Chapter 46-Israel (Jacob) starts the journey to Egypt. Along the way, he has a dream that God will protect him in Egypt and he should not be afraid. Then we get a listing of all the children and grandchildren of Jacob that are traveling with him. They get to Egypt, Jacob and Joseph have a tearful reunion.
In the listing of family members, the Bible mentions Job as a son of Issachar- which would make him a grandson of Jacob. I am curious if this is the same Job that stars in the book of Job later in the Bible. I google’d it, because that’s what I do, and the long and short of it seems to be that we don’t know. Some people are adamant it is, some people are convinced it isn’t. One particularly useless answer was along the lines of “We’ll just have to ask when we get to Heaven, praise the Lord!” Thanks for that.
Since everyone else is just guessing, I’ll throw my conjecture on the pile too. I think it’s not the same Job. The Bible places a huge emphasis on genealogy, but the book of Job fails to mention from whom he was descended. I would think being Jacob’s grandson is an important tidbit that would’ve been included to add weight to the story if that’s who he was.
(I’m feeling, perhaps disproportionately, frustrated with the Bible right now. It can’t even make clear who the characters are, and I’m supposed to accept it as a holy book?! Pssh!)
Moving on, the Bible says the direct descendants of Jacob headed to Egypt were 70 in number, not including wives of his sons/grandsons. In that big long list of descendants, only 2 were daughters. What are the odds of that many offspring and only 2 daughters? The Bible’s passion for sons, as well as its disregard for probability, is off-putting to me as well.
I found some interesting statistics here about the likelihood of male/female babies. Boys do have a slight advantage- 51% male to 49% female. But, the odds of having all male children go down to 1.6% at 7 children. So, the odds of 65+ boys and only 2 girls are astronomically small (2.71 x 10 ^ -20, by my quick calculation). Either God preferred males and gave Jacob’s family a statistical miracle, or the Bible is wrong about who Jacob’s descendants were.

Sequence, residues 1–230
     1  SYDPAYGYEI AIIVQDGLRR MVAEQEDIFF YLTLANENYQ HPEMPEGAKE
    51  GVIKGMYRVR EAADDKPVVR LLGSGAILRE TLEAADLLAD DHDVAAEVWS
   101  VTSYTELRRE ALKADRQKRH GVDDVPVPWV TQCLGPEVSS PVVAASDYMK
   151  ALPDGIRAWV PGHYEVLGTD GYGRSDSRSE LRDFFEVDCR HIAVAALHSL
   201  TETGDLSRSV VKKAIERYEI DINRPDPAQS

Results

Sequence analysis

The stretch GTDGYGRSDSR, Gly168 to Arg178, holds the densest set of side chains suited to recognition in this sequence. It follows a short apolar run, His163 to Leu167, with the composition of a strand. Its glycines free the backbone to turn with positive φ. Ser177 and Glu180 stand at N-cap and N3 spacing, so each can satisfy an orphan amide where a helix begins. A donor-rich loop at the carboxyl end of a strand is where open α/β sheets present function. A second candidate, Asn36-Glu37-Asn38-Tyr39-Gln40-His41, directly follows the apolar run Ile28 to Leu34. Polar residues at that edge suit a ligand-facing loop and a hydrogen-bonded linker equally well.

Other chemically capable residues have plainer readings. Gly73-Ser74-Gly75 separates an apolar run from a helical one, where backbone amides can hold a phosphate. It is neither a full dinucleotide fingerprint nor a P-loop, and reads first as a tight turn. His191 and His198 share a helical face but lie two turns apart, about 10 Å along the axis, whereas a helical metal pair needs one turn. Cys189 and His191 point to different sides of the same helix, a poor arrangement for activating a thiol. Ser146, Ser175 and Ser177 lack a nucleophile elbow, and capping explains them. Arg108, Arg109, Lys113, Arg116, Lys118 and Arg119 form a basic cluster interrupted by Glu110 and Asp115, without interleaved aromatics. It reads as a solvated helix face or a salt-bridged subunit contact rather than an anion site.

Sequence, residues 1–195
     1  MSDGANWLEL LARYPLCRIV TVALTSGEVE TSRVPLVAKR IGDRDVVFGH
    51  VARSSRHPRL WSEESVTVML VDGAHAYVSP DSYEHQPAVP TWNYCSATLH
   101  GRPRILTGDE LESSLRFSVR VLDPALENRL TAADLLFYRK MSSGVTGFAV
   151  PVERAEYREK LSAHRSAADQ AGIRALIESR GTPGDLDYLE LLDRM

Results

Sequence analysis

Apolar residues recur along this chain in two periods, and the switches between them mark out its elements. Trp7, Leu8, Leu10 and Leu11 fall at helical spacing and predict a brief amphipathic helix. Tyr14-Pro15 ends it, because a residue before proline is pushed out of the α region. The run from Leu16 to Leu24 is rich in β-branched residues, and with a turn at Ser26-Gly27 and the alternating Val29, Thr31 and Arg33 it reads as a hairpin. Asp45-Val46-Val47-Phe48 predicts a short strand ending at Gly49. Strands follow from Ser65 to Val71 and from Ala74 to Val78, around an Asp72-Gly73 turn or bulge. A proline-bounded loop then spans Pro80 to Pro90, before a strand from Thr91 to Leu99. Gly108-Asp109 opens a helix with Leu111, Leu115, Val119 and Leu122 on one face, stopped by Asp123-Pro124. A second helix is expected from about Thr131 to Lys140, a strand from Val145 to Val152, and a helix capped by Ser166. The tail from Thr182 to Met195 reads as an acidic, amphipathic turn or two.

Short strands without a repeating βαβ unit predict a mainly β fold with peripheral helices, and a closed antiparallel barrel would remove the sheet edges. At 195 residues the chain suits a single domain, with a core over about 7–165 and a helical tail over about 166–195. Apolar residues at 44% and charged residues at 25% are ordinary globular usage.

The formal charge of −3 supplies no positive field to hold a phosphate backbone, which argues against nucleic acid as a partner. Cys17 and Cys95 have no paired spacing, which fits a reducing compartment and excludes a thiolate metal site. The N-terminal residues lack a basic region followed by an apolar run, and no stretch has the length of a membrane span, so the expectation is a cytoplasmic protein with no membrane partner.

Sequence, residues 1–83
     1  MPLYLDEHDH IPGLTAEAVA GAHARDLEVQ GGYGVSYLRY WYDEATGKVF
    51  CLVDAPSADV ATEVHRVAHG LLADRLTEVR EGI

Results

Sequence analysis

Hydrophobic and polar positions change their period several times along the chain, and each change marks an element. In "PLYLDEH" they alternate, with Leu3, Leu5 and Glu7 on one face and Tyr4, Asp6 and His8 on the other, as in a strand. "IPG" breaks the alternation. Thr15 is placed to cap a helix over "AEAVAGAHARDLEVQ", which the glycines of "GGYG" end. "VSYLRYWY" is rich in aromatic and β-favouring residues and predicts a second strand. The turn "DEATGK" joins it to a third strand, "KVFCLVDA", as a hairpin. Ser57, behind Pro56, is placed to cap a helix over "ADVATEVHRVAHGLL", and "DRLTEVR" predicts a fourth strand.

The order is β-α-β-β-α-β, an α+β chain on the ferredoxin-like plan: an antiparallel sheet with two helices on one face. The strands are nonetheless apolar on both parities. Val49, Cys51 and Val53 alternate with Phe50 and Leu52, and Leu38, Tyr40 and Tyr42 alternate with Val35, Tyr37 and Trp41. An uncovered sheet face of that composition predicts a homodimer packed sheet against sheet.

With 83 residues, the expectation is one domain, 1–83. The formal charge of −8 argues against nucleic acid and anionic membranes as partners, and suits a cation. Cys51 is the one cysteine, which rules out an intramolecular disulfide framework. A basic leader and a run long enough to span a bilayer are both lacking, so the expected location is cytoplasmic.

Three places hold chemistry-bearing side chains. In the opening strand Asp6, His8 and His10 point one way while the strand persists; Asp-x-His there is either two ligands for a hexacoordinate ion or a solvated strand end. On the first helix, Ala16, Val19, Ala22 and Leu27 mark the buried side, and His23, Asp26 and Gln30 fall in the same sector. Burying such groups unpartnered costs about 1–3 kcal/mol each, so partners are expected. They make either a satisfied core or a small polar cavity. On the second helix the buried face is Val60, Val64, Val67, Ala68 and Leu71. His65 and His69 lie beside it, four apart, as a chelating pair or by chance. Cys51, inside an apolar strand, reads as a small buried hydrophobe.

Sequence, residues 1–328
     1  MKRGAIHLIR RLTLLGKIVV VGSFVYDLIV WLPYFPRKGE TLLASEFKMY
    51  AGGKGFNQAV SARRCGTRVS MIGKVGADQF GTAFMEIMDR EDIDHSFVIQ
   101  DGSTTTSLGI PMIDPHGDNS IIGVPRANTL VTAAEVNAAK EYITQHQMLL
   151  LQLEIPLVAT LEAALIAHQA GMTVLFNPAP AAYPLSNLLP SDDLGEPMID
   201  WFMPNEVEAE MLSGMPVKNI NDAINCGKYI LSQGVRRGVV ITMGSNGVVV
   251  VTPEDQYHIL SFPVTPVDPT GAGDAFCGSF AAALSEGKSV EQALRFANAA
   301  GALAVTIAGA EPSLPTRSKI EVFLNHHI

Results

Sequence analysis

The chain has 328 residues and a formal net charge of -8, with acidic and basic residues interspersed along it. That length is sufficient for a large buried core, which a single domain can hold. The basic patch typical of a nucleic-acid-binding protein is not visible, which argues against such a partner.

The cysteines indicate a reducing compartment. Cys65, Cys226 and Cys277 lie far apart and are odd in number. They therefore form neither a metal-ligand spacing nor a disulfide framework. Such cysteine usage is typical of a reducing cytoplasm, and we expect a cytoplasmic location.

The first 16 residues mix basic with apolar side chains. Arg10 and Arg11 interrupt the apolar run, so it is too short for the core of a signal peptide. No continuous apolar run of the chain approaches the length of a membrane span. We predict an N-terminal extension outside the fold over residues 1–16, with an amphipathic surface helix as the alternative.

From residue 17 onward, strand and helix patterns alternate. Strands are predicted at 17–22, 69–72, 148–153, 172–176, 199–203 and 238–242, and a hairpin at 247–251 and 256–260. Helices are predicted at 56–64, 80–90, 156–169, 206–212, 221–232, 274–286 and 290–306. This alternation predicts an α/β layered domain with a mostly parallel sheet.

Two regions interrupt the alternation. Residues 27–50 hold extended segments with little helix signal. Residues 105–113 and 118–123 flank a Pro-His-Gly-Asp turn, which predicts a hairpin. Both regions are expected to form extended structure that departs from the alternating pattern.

In verse 34, it says “for every shepherd is an abomination to the Egyptians.” Again with that abomination business. I wish the Bible would’ve provided more information! In the next chapter, Pharaoh welcomes these 70 abominable shepherds with opens arms, so, uh…what’s the deal?
Chapter 47- Pharaoh greets Joseph’s family, offers them the best land, and appoints some of them as chief herdsmen over his flocks. Jacob blesses Pharaoh. The famine gets really bad, and people run out of money because they’ve spent it all buying grain already. So they exchange their livestock for bread. The next year, they give up all their land and become slaves in exchange for bread. A system of sharecropping is instituted. Jacob is about to die, and asks not to be buried in Egypt.
I wonder if Pharaoh is in Heaven. Maybe you had to have someone from God’s favorite family bless you (twice in this case) back in the olden days. Maybe “blessed” means more along the lines of “well bless your heart” as you’ll hear in the southern US. Or maybe Pharaoh sneezed…
Again, we see that it’s good to have friends in high places, as Joseph’s family gets the best of everything, while the rest of the commoners are selling themselves into slavery so as to not starve to death. I’m a little disgusted with just how filthy rich Pharaoh and Joseph become because of this natural disaster. On one hand, they prepared well for the famine, and so supply and demand economics suggest they can sell their goods at a mark up. But to actually force people into servitude for some bread seems heartless and cruel. For the rest of their lives, these people will have to work land they don’t own and give 1/5 of the crop to Pharaoh. The rich get richer…
As Jacob is requesting to not be buried in Egypt, we again see the “put your hand under my thigh” request, which I still find weird. I’m glad we’ve moved to handshakes instead of junk-holding while making deals and promises.